There is an imperative to not only ensure school environments are safe, but to leverage educational settings to address and transform the social norms that drive violence. In turn, there is an urgent need to understand effective interventions to address school-related gender-based violence, both to facilitate the scale up of approaches that work and, in concert with prevalence and impact data, to inform effective advocacy.

Gender and corporal punishment: Findings from the secondary VACS analyses

Findings from the secondary analyses revealed that students’ experiences of corporal punishment by teachers varied across countries and based on the sex of both the teacher and the student. Our findings suggest that teacher-perpetrated corporal punishment is often gendered. In most countries with a high prevalence of corporal punishment by teachers, male students report significantly higher levels of violence by male teachers, compared to female students.

Policy brief : gender & corporal punishment

How can we measure and understand school-related gender-based violence? What does the evidence from promising interventions tell us? How does this all impact our data and evidence-informed advocacy efforts?

The public health crisis caused by COVID-19 has re-shaped the landscape of education policy-making and programming.

For many students, interrupted learning opportunities and mandatory quarantine have been accompanied by a greater risk of violence in the home. There have been increased calls to national child helplines and more emergency room admittances of children with severe injuries requiring hospitalization. All of this is on top of widespread underreporting of violence against children. Available data and experiences from previous public health and humanitarian emergencies suggest that children have been at greater risk of experiencing violence in the midst of the global public health crisis.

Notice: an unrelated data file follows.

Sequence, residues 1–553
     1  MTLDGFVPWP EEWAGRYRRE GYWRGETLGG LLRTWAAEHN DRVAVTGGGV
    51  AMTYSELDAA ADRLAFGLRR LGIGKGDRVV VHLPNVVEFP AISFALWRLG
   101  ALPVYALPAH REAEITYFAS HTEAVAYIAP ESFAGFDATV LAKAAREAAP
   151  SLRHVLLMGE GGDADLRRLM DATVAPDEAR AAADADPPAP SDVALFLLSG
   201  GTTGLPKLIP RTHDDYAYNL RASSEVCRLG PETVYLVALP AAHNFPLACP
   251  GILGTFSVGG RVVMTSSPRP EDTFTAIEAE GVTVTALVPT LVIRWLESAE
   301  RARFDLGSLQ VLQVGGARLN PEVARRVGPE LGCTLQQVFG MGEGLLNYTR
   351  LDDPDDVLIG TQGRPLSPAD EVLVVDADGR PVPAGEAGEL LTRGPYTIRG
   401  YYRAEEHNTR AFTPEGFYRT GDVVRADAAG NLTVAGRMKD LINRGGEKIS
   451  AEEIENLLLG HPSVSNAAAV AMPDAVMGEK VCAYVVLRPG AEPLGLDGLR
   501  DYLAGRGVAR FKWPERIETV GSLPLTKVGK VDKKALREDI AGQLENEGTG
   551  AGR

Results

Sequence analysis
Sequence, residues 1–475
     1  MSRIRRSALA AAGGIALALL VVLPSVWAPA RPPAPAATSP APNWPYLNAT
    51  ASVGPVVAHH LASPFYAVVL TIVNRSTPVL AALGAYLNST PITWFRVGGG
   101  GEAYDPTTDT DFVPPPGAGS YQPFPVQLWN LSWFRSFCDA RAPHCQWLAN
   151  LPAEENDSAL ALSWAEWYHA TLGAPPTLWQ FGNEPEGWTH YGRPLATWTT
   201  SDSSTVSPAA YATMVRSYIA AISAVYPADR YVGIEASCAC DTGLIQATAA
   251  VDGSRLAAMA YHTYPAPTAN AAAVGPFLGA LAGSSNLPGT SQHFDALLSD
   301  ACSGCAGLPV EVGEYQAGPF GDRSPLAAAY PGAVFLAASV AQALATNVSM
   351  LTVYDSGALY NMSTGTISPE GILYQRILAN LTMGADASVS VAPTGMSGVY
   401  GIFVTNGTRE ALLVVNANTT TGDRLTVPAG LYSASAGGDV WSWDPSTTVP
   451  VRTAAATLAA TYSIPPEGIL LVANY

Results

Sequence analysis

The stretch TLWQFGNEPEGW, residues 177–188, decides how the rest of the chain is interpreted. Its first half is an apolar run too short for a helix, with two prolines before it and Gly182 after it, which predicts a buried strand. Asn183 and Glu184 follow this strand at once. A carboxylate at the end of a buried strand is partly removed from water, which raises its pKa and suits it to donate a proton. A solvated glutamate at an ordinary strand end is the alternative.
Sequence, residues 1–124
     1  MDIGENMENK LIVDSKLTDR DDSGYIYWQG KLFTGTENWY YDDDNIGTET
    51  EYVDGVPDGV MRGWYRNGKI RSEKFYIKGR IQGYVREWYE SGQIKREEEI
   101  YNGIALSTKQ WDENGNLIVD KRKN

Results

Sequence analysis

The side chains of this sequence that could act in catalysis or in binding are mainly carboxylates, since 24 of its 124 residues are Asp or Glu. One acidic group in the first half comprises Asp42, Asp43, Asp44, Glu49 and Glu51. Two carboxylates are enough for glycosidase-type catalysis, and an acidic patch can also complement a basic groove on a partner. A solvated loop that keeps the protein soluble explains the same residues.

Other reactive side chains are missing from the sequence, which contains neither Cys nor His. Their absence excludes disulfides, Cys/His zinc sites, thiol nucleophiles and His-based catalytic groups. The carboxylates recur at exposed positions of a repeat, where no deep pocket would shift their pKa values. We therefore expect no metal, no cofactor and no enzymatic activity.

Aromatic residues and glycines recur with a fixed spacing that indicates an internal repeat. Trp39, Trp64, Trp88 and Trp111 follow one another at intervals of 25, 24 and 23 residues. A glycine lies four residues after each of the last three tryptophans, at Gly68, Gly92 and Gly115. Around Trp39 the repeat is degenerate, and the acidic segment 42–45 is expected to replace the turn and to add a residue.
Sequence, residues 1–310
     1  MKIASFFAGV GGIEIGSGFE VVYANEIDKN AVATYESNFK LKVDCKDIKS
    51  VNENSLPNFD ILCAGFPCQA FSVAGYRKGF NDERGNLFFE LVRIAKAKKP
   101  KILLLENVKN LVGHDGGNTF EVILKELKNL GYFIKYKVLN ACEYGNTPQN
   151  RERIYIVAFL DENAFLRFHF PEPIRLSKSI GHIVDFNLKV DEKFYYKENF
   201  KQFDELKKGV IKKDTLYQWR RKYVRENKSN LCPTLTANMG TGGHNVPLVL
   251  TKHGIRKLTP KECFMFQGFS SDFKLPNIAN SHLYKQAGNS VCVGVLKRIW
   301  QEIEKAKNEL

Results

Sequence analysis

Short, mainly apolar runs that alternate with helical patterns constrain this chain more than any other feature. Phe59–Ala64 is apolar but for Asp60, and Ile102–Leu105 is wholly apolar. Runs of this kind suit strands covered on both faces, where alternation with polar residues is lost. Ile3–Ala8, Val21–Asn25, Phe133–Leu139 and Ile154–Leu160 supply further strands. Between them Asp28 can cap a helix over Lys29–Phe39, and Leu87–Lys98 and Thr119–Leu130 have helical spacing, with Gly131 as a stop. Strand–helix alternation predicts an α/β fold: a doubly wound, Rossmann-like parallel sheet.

An increased prevalence of violence outside schools — at home, online, and in the community — during school closures has impacted children and youth who we know have also faced and experienced violence in and around school settings.

What is school-related gender-based violence?

School-Related Gender-Based Violence (SRGBV) is any act or threat of physical, psychological, and sexual violence in and around school, perpetuated as a result of gender norms and stereotypes, and enforced by unequal power dynamics. School-related gender-based violence affects both students and teachers and is exacerbated by factors of inequality – poverty, race and ethnicity, social status, disability status, and gender identity.

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A culture of silence

Although reported from every country and region of the world where it has been studied, the true scale and impact of school-related gender-based violence remains largely hidden. Acts of verbal abuse, corporal punishment, bullying, sexual harassment, and abuse can be inter-related and driven by similar factors of gender socialization, exclusion, and childhood experiences of violence and neglect.

Several factors might be at the root of the issue: social and gender norms and values that stigmatize victims of violence; institutions such as schools mirror and often maintain inequalities; power structures which keep certain forms of violence hidden and maintain a culture of silence. However, systematic data about the different forms of gender-based violence that occur in and around schools does not exist in a way that is broadly globally comparable, and which can direct policy and programmatic responses effectively.

The secondary analyses of the Violence Against Children and Youth Surveys (VACS) data also highlighted a strong need to address the gendered reality of corporal punishment in schools. Find out more about the intersections between gender, corporal punishment, and its consequences.